Friday, June 19, 2009

Organizing for Healthcare, Part Two

By Marc Korman.

Last time, we discussed the Organizing for America healthcare event that took place earlier this month to build up grassroots support for healthcare reform. This time we will talk a bit more about some of the discontent at the meeting.

President Obama may have three priorities for healthcare (costs, choice, and coverage), but many of the grassroots supporters at the OFA event had just one: single payer. Sharon Dooley gave a preview of the desire by many progressives for a single payer system, instead of tinkering with the current marketplace of competing insurance companies. That same desire was expressed at the OFA event.

There was always a bit of unrest among progressives over some of candidate Obama’s positions, such as a troop increase in Afghanistan or his failure to support gay marriage. But people were willing to shove that aside in order to get a progressive Democrat elected. But with healthcare, many attendees expressed a willingness to let healthcare reform die entirely instead of allowing a system resembling the current mix of public plans like Medicare and private insurance exist.

Delegate Barve spoke about the importance of securing 60 votes and Karen McManus from Congressman Van Hollen’s office conceded that the final product would not be perfect. But those reality checks did little to settle down anxious activists. I have heard that many of the earlier house parties had a similar vibe.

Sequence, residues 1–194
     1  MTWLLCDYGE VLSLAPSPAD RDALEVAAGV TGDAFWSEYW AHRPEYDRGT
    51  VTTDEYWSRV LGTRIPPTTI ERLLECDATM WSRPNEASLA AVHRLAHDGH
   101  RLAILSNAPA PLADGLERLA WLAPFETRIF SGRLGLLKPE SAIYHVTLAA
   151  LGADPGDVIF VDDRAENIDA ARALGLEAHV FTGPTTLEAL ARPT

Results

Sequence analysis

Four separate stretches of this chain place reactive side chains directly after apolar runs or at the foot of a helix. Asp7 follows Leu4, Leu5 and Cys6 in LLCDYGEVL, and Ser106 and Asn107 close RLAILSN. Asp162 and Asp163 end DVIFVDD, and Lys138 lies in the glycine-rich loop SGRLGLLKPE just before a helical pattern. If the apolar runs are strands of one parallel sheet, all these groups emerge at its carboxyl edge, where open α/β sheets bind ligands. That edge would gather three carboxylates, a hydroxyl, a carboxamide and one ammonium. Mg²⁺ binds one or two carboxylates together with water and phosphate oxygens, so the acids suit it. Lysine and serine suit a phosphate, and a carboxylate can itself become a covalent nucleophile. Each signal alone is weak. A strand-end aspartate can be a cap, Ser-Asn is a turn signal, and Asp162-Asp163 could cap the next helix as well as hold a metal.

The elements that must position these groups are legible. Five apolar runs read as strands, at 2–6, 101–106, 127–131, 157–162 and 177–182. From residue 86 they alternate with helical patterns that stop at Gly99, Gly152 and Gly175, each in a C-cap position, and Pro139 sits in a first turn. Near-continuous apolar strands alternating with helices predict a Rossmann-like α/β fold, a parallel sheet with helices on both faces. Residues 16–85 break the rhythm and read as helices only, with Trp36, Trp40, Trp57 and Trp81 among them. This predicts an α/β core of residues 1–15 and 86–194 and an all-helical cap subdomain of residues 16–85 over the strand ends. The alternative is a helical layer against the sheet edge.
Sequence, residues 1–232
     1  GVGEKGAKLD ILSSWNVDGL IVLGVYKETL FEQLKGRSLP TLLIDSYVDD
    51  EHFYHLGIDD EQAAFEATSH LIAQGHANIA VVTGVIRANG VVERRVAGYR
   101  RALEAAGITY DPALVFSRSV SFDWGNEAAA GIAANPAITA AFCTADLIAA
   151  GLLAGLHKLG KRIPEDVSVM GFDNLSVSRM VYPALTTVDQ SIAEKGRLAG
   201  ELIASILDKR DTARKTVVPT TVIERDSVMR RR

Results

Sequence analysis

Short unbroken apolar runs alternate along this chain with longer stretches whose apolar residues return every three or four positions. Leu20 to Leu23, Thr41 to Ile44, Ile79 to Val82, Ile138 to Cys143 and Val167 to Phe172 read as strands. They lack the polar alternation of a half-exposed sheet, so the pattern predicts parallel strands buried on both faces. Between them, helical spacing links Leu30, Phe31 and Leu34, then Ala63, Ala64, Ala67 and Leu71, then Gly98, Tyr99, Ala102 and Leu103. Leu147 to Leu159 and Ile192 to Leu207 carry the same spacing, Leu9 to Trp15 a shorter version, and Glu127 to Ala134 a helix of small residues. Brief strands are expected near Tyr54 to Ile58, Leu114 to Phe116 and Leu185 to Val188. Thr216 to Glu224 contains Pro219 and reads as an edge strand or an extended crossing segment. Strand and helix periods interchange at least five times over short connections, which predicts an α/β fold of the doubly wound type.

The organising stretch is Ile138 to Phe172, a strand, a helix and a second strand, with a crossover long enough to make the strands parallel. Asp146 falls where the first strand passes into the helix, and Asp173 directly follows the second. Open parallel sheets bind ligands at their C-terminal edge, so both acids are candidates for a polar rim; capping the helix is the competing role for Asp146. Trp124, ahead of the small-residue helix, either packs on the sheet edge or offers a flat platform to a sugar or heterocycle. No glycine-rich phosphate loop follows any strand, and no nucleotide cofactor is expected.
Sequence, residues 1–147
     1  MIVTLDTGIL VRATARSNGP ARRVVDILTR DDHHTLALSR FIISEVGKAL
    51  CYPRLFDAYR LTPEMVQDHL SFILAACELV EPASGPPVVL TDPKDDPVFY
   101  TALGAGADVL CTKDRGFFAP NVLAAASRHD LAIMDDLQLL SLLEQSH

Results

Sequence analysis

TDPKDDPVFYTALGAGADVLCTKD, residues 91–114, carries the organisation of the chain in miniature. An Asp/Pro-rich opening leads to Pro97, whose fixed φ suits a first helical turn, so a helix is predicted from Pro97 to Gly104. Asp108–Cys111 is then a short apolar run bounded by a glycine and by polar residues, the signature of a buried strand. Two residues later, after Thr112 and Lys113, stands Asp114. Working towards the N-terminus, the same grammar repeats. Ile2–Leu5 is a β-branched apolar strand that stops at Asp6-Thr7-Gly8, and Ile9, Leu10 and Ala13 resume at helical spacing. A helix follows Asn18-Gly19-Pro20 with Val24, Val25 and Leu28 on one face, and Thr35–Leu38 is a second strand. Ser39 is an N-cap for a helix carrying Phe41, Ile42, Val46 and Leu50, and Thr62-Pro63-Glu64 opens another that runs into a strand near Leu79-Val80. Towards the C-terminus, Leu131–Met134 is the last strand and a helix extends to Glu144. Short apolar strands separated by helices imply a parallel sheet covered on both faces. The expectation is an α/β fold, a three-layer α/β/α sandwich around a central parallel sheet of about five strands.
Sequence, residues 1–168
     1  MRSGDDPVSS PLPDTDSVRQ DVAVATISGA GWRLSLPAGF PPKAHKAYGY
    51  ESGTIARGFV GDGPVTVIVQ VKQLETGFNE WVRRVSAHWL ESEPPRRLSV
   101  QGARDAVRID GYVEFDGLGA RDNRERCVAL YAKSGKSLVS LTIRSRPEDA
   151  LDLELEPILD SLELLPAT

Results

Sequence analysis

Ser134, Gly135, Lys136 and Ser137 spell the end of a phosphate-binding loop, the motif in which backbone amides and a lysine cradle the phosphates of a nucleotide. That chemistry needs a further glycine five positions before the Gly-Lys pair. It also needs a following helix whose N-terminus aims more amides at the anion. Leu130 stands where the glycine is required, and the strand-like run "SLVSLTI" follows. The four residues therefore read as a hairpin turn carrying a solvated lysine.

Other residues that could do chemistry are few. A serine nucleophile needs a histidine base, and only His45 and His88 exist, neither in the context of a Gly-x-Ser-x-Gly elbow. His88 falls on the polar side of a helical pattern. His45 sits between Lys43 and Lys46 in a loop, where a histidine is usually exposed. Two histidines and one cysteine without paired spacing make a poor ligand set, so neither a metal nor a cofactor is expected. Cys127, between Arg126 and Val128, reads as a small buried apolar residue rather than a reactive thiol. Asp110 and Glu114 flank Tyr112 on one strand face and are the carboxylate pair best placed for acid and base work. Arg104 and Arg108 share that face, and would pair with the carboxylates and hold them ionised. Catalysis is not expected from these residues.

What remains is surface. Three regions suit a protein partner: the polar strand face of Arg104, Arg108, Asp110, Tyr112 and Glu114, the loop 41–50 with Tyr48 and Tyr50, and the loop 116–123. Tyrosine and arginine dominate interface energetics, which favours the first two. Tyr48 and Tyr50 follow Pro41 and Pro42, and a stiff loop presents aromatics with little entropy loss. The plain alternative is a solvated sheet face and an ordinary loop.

One way to calm the base might be to provide a little more information. Costs, choice, and coverage make nice talking points, but many of those in the room wanted more information. A few were even honest enough to admit to not knowing the difference between a public option (where a government run plan would compete against the private insurers) and single payer (where all health coverage would flow through one entity). The idea of the public option is something of a “single payer lite.” A robust, government run program could use its bargaining power to negotiate low prices and provide comprehensive services, theoretically requiring its public sector competitors to do the same. One of the downsides of the current cooperative compromise put forth by Senator Kent Conrad (D-ND) is that they would likely be local cooperatives, total lacking in the bargaining power that makes a federal public option appealing.

But President Obama may not really be that interested in what the OFA attendees know or support. He may be using a disgruntled base for Machiavellian purposes. The assumption has been that the purpose of the healthcare house parties is to encourage grassroots supporters to contact their legislators and educate their neighbors about healthcare reform. But a slightly unhappy progressive base could allow President Obama to tell moderates in both parties he cannot compromise any further. That could lead to him getting more of what he wants in a final plan.

Maybe the Obama faithful will fall in line once a plan starts moving through Congress, but as of today they do not appear sold, at least not in Montgomery County. But with a vast network of Congressional liaisons and a high approval rating, perhaps President Obama can bring them around.